In the Lancaster patent, various water marks are included in the leaf of paper to apprise the operator of the location of the various margins.
The Daboe patent shows and describes an audio warning device which is of interest because it includes a scale and graduation much like that of the Anholf patent. However, in Daboe the scale is folded over the top (lateral) edge of a leaf of paper prior to insertion in the typewriter by the operator, which assists the operator in aligning the leaf of paper on the backing sheet.
The Ohashi and Gare patents (Column 3, Line 17) show graduations visible to the operator along a longitudinal edge indicating the number of lines remaining to a certain point on the backing sheet (Ohashi) or envelope (Gare). Ohashi has slots in the backing sheet for insertion of the leaf of paper to be typed upon. The slots will grip and prevent the leaf of paper from moving laterally. Gare shows a folded sheet with the graduation which is formed into an pocket. A corner of the leaf of paper is inserted in the pocket with a longitudinal edge in contact with the fold of the sheet.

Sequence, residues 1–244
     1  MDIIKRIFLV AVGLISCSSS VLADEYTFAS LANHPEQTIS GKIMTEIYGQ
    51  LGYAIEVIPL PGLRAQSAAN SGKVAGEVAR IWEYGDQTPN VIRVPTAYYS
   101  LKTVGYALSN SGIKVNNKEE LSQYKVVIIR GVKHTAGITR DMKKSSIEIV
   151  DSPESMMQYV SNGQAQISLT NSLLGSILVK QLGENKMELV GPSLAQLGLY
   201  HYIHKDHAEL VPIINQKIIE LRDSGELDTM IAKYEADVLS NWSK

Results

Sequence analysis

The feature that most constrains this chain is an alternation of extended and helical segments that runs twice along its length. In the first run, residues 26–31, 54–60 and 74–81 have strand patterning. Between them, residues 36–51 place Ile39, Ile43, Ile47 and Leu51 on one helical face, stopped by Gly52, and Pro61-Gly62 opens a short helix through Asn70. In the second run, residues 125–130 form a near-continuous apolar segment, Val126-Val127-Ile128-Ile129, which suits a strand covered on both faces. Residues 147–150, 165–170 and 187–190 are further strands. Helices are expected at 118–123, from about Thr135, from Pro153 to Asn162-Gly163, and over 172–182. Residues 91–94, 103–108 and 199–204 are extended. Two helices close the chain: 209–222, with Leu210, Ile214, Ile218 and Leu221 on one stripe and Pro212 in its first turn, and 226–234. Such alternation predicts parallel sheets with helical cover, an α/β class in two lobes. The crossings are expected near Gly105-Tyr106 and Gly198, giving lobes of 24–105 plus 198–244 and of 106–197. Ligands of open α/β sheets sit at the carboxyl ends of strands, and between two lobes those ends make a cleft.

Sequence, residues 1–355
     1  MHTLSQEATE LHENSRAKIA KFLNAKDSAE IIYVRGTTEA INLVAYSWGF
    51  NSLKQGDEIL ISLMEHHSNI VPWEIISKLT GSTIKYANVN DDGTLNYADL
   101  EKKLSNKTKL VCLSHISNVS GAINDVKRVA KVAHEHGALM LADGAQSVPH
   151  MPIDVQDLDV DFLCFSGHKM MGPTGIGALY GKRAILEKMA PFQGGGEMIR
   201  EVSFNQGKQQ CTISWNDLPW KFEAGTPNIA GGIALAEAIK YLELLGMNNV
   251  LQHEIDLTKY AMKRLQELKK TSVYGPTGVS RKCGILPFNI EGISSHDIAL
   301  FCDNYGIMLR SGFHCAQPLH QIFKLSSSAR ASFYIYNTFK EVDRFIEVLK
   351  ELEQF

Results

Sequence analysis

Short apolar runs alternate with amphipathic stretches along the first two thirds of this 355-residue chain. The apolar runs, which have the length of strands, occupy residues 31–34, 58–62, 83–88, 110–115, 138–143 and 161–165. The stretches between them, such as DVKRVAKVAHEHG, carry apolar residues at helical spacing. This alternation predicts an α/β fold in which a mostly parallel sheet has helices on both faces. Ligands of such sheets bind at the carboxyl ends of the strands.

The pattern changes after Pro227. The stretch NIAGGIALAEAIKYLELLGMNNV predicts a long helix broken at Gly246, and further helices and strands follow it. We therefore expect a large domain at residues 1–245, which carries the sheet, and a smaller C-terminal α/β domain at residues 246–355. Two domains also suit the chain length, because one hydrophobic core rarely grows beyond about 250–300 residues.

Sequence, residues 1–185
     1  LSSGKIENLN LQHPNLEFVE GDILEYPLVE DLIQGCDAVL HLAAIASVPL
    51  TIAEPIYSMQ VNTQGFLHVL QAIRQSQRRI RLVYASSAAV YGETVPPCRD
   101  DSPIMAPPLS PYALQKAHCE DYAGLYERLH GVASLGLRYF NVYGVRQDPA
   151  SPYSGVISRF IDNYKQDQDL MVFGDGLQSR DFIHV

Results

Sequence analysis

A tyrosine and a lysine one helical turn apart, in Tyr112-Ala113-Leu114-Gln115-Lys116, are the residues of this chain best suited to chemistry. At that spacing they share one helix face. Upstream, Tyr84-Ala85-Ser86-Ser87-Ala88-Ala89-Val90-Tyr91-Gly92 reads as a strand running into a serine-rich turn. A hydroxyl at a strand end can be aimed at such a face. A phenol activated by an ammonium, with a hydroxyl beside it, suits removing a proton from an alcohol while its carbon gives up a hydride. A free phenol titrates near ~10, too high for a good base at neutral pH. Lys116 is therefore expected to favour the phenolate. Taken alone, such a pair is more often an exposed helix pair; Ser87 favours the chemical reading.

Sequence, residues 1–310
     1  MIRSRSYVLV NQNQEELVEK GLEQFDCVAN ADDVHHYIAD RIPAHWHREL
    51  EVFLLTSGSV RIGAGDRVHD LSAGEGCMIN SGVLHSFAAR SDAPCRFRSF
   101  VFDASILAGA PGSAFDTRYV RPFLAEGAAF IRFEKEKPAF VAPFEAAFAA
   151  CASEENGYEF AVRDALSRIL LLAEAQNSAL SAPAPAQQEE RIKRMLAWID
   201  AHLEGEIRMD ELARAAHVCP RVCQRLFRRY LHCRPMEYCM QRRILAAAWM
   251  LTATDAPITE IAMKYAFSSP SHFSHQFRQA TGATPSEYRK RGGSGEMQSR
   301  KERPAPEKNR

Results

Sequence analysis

None of these prior constructions automatically prevented the operator from inadvertently typing within the predetermined margins of the leaf of paper. Also, the leaf of paper was not grasped and held by the prior constructions in a secure manner against both longitudinal and lateral movement in relation to the scales and graduations, or other indicating devices.